John Lee, head of the Tourism and Transport Forum, said the Chilean ash plume was the biggest disruption to Australian aviation since a prolonged pilots' strike in 1989.

"We anticipate the total impact to the tourism industry will be something over $10 million -- it could be as high as $13 million or $14 million but it is probably around $11.5 million per day," he said.

Lee said it had been a horror year for the tourism and travel sector, with the relentless natural disasters rattling confidence.

"The start of the year it was floods, it was Cyclone Yasi ... our biggest inbound market New Zealand impacted by earthquake in Christchurch, then the third event with the tsunami in Japan -- again one of our top five inbound markets," he said.

"We seem to have constant shock syndrome happening in the tourism industry at the moment."

Australia's dollar, currently trading around US$1.06, contributed to a 29 percent surge in outbound travel in April compared with the same period last year, with 1.4 million more people leaving than arriving in the past 12 months.

International tourists were also spending 20 percent less than two years ago, Lee said, with economic problems in top markets Britain and the United States and disasters befalling Japan and New Zealand.

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Ash flights resume in Australia, but NZealand hit
Sydney (AFP) June 22, 2011 - Australian flights grounded by the Chilean ash cloud resumed Wednesday as the plume cleared, but thousands of passengers endured lengthy delays as airlines scrambled to clear a huge backlog.

Hundreds of services were cancelled Tuesday in Sydney, Melbourne, Adelaide and Canberra but the threat of prolonged disruption eased as the ash from the Puyehue volcano eruption pushed out towards the Tasman Sea and New Zealand.

"The ash cloud affecting eastern Australia has cleared, and airlines are returning to normal operations Wednesday afternoon," said the Bureau of Meteorology.

But while mainland routes got back in the air, Qantas, Jetstar, and Virgin services to Tasmania and New Zealand were all halted until further notice as the ash moved south.

Qantas restored flights to and from the South Australian capital Adelaide before dawn, followed by Melbourne.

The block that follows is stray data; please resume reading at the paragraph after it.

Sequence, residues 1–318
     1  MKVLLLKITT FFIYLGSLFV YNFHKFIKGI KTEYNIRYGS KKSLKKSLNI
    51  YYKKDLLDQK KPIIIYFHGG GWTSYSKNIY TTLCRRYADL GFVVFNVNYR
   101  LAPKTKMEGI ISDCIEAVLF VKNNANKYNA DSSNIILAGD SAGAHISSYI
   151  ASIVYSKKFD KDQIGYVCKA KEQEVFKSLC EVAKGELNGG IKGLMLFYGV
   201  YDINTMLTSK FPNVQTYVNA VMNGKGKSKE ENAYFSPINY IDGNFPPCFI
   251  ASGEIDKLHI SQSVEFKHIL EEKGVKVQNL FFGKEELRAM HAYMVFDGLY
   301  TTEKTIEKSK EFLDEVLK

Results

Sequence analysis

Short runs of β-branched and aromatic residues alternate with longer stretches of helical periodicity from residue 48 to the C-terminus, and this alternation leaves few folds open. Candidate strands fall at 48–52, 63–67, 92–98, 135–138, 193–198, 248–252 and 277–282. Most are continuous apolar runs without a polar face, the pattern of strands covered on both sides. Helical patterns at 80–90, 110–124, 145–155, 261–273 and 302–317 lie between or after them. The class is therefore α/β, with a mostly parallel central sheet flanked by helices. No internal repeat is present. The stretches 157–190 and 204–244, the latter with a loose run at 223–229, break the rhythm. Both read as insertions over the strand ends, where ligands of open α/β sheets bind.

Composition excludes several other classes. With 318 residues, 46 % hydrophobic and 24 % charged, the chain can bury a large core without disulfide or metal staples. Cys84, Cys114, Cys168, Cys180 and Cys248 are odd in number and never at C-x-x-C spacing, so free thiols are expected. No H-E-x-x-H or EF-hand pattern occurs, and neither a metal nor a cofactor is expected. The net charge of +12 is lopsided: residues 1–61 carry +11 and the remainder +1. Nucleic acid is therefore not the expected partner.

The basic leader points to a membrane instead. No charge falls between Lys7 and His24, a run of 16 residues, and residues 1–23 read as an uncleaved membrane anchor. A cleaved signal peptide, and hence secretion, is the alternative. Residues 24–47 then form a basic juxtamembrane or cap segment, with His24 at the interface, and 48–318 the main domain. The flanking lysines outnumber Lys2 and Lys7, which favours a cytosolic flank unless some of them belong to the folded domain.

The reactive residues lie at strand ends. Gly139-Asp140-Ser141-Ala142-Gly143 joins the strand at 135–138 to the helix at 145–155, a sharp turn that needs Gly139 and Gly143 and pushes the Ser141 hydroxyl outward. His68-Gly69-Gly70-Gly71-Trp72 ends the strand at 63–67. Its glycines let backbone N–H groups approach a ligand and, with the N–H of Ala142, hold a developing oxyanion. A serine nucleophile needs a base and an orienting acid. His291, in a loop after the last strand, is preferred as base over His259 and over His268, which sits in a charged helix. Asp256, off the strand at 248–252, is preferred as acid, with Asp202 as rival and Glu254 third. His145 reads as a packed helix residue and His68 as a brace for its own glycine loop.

Canberra and Sydney routes were operating again by early afternoon, including international flights, although Qantas said delays were expected on overseas services into both Sydney and Melbourne.

Virgin also resumed flights from the major cities.

Despite planes being airborne, Qantas spokeswoman Olivia Wirth said thousands of customers had been affected once again.

"There were a significant number of people delayed over the past 24 hours. There were around 20,000 yesterday and we expect that number to go to around 50,000 today," she told Sky News.

The airline was putting on extra flights to work through the backlog of passengers, some of whom have been stranded for two days.

"The backlog will take a significant time to clear but we will be looking at putting on as many extra flights as we can," said Wirth. "Fingers crossed, we won't be seeing this again."

Despite other airlines taking a conservative approach, Air New Zealand has maintained most services by flying under the plume, and said its routes continued to operate as normal.

New Zealand Civil Aviation Authority meteorological manager Peter Lechner said the cloud was expected to cover the entire country later Wednesday and due to slow-moving winds would linger for "at least a day or two".

"It will be at a height of 20,000 feet (6,000 metres), which provides plenty of scope to fly under the cloud," he added.

Ash poses a significant threat to aircraft because once sucked into engines it can be transformed into molten glass by the high temperatures and potentially cause an engine to fail.

The cloud first entered Australian and New Zealand airspace over a week ago, causing some airlines to ground all flights to affected areas while others chose to divert under and around the plume.

Australian Transport Minister Anthony Albanese admitted the flight chaos would come at a cost.

"There's no doubt there will be a significant cost to all the airlines, but also an economic cost (to the country as a whole) -- people are not flying into Australia," he said.

"This means lower revenues for the tourism industry."

Australia's Tourism and Transport Forum put the impact on the tourism sector at over Aus$10 million (US$10.6 million) a day, while Qantas said disruptions due to the ash had cost it Aus$21 million even before this week's cancellations.

Qantas chief executive Alan Joyce emphatically denied that the airline had been too cautious in grounding flights.

"It's absolutely worth it. I would spend anything to ensure the safety of every single one of our passengers," he said.